Lettuce Entertain You was created in 1971 with one restaurant, RJ GRUNTS. It was the brain child of Rich Melman and his partner Jerry A. Orzoff. From this small hip restaurant, an “enterprise” sprang up.
Their goal was “not to be the biggest, but to be the best we can be. A progressive company with a firm commitment to its people.”
At the beginning of 2020, the company was one of the nation’s leading independent restaurant groups that owns, manages or lease more than 120 restaurants in 9 states, with 60 different brands. According to Founder Rich Melman, winner of the James Beard Lifetime Achievement Award, “LEYE was started because of ideas. We are a band of entrepreneurs that do something under one umbrella and it’s our culture of caring that bonds us. Caring about the food, service, our people and our guests.” That ideal would serve them well in March of 2020, as that “umbrella” would be needed to weather the storm ahead.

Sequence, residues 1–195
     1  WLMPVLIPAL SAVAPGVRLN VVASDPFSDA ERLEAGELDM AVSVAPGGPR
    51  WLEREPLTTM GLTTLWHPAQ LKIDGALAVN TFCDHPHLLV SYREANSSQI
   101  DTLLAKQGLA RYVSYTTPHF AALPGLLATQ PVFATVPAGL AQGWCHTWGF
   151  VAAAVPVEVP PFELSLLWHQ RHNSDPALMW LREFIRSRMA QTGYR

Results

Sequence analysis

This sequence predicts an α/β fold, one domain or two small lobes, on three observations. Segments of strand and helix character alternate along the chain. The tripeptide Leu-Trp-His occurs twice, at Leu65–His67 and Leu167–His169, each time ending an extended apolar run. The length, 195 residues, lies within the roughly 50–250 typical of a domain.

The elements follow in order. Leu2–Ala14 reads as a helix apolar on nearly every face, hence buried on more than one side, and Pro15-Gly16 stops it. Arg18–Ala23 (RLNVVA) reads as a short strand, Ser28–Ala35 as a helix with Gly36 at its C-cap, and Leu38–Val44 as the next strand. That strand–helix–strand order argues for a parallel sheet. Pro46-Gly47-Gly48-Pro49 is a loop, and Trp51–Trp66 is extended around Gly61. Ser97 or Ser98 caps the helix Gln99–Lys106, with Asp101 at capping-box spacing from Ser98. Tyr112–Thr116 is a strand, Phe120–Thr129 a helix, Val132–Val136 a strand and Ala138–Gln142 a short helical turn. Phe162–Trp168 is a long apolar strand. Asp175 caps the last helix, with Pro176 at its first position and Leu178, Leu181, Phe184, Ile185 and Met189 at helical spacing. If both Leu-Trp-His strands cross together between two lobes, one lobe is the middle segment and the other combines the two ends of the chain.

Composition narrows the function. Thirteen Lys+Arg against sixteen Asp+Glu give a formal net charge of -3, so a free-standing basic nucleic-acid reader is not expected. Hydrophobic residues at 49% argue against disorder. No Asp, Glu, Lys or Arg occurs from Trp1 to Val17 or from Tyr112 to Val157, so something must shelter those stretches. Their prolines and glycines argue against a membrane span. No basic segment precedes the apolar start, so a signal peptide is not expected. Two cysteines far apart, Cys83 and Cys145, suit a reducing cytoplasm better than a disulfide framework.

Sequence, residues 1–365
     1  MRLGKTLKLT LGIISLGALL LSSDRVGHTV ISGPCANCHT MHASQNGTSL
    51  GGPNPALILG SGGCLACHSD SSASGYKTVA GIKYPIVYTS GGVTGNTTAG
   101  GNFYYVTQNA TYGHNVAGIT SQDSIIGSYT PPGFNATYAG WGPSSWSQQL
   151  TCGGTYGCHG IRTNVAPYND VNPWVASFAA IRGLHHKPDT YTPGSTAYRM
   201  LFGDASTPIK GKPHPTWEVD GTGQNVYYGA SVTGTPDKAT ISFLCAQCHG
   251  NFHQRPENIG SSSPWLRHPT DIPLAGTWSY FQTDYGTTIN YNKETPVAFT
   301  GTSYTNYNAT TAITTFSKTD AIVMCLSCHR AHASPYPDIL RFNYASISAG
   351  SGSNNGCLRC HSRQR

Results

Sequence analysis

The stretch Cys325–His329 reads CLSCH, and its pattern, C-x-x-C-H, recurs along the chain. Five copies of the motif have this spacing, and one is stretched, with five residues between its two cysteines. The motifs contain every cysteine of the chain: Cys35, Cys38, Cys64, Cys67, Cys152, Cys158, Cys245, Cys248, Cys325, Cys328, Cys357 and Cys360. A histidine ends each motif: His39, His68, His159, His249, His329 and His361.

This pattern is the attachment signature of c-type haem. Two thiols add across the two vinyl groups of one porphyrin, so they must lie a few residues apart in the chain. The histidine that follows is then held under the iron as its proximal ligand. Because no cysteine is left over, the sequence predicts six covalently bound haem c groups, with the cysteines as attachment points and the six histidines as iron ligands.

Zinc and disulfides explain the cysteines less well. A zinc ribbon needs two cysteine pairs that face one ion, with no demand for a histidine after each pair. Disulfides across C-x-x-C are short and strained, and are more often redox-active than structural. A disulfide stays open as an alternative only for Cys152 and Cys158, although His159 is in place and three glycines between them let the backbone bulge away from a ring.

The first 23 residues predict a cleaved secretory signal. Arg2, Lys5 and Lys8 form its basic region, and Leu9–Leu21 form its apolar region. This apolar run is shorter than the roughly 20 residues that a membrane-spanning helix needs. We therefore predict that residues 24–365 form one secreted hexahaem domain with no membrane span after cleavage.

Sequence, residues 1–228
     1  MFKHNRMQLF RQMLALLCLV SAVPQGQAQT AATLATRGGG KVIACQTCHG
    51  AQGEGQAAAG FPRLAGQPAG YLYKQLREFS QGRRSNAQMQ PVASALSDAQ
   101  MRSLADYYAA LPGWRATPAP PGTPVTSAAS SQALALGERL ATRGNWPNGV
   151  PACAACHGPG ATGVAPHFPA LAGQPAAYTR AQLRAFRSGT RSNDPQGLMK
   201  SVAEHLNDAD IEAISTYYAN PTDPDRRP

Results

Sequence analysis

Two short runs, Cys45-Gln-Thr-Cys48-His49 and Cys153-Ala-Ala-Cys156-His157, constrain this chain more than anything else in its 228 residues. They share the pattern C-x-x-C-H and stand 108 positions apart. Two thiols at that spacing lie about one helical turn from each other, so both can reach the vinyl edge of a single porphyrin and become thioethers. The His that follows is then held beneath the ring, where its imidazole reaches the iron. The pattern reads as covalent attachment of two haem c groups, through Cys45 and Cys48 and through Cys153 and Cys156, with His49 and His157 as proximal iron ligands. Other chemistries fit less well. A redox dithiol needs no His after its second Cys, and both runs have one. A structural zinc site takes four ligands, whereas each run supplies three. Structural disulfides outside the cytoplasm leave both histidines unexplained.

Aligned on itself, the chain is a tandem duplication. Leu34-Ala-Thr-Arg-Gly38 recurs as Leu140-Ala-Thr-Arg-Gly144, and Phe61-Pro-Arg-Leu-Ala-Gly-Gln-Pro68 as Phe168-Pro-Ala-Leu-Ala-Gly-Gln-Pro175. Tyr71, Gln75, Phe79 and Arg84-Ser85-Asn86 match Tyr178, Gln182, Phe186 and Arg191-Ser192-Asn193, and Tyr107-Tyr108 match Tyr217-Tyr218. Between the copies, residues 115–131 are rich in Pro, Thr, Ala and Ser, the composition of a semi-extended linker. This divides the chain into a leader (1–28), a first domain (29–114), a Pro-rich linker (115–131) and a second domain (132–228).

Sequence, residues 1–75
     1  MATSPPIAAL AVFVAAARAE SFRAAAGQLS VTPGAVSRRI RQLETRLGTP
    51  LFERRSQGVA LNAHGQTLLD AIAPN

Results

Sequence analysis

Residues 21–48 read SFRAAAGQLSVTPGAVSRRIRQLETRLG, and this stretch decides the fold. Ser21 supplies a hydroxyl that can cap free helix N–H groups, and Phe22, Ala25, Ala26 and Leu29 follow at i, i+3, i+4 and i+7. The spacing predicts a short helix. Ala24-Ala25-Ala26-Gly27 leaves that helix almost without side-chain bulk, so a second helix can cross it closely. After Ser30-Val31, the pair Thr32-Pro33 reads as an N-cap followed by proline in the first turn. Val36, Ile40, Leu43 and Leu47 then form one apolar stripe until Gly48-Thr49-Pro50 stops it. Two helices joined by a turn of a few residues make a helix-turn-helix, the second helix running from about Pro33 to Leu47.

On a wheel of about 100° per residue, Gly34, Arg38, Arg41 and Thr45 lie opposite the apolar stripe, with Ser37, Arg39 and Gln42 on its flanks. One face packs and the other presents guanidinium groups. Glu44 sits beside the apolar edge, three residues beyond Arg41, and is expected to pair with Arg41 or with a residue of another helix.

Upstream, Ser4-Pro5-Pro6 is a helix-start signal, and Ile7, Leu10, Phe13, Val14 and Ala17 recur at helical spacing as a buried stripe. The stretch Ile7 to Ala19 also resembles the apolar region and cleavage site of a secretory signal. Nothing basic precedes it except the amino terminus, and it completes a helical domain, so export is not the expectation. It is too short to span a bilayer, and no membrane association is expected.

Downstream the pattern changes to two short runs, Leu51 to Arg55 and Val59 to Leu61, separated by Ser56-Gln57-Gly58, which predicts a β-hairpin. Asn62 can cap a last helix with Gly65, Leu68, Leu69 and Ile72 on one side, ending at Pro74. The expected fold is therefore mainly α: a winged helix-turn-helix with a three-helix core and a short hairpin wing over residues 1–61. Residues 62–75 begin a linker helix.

Even with a solid history of being a successful restaurant company, LEYE could not possibly have imagined a time when they would be told that they had to close their doors to their guests. The Coronavirus had made it unsafe for people to gather where they could not be at least six feet apart.
“When the order came that people had to stay at home, that’s when we went over the cliff,” R.J. said, “Within three to four days, restaurants all over the country had to close their doors to their guests.”
With so many restaurants and so many employees, the job of deciding how to handle the crisis was certainly not an easy task.